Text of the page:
Maintaining a company culture abroad is a top challenge
Bringing new people into a company’s culture is one of the biggest challenges for companies considering international expansion, according to a new report by the Economist Intelligence Unit (EIU).
Among those interviewed for the report there was near-unanimous agreement that maintaining company culture while respecting local customs and cultural differences is a fundamental objective for successful international expansion. By contrast, policymakers may have overstated the importance of a location's level of taxation, as this seems to be far less of a concern in companies' expansion projects than might have been expected.
Editor of the report Martin Koehring said: “It’s clear from our report that once a company’s executive team has identified its scope for overseas expansion, much of the success will rest on comprehensive planning. This includes 'softer' brand-authenticity elements, such as maintaining the company culture and values, that are in some regards more pressing – or perhaps more challenging to master – than 'harder' aspects such as currency hedging, integrating operational systems and ensuring compliance with local regulations.”
UK automotive sector challenged by uncertain global markets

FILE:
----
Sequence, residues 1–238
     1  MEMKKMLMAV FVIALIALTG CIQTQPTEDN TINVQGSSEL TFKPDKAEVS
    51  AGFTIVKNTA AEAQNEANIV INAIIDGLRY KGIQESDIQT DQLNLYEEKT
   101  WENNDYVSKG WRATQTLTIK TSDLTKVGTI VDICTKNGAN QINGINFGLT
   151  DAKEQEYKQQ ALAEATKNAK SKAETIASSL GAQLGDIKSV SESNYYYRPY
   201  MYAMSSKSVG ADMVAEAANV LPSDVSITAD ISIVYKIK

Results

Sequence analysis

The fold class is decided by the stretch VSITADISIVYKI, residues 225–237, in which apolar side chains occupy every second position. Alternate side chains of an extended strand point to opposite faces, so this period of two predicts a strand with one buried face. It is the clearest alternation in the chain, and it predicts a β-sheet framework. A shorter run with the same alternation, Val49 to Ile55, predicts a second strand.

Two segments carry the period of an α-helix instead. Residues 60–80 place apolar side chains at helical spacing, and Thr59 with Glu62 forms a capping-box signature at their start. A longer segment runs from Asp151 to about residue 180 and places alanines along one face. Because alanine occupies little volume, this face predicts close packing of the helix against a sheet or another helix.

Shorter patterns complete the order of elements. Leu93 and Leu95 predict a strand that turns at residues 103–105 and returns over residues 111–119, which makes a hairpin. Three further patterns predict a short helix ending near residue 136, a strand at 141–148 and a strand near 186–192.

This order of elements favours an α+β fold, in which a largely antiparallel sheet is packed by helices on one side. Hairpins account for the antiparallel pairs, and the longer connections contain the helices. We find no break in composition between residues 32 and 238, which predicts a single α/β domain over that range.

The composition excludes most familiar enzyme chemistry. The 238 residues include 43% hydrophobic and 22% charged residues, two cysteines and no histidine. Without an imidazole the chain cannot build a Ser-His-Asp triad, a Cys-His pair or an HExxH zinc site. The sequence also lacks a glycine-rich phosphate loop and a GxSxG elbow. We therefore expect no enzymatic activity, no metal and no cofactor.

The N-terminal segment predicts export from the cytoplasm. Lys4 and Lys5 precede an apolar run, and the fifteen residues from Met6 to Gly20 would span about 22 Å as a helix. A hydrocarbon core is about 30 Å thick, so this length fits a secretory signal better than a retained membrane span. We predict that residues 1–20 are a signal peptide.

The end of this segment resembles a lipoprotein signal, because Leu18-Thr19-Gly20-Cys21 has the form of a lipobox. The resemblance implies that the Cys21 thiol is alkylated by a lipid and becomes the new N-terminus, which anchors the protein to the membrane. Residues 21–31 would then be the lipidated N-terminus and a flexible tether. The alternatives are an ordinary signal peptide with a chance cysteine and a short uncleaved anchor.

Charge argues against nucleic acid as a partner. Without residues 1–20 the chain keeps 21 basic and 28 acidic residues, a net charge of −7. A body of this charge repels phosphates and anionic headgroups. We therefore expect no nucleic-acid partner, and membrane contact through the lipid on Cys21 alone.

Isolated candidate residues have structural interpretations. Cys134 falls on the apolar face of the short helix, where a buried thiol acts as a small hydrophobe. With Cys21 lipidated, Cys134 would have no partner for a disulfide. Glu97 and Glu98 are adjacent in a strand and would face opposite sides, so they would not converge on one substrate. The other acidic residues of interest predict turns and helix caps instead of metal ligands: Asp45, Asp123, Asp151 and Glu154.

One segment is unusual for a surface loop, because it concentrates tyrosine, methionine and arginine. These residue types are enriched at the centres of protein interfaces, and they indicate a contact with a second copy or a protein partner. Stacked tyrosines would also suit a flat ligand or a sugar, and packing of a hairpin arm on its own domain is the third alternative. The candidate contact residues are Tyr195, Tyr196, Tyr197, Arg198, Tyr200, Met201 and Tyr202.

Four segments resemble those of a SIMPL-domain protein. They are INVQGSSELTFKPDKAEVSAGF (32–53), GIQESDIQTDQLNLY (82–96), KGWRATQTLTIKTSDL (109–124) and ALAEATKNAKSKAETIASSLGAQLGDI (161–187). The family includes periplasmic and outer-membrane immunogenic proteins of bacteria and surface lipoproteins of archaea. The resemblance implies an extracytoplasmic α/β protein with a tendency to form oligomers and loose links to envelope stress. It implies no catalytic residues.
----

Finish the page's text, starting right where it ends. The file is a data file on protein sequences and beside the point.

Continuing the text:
Increasing global instability and the slowing Chinese economy are the biggest threats to the automotive sector, according to new research released from Lloyds Bank Commercial banking.
Driving Innovation, the second report on the English and Welsh automotive manufacturing sector, found that firms believe the global economy is the prevailing challenge to the industry, with 43% of respondents citing it as their top worry for the second year running.
This challenge is underlined by a significant drop in the number of firms expecting to achieve business growth by entering new markets, falling from 68% last year to 48% this year.
Given that 78% of all vehicles made in the UK last year were exported, the results have heightened fears that the global slowdown will drag on the future performance of an industry that has substantially outperformed the broader manufacturing sector since the recession.
Head of SME manufacturing at Lloyds Bank and report co-author David Atkinson said: “The industry is going through a period of intense innovation and we need to ensure that the UK has the right level of skills, and is adept at using the latest technologies, to keep our automotive industry competitive. To help tackle the skills agenda we are contributing £5m over five years to the Lloyds Bank Advanced Manufacturing Technology Centre in Coventry, which will support the next generation of engineers.”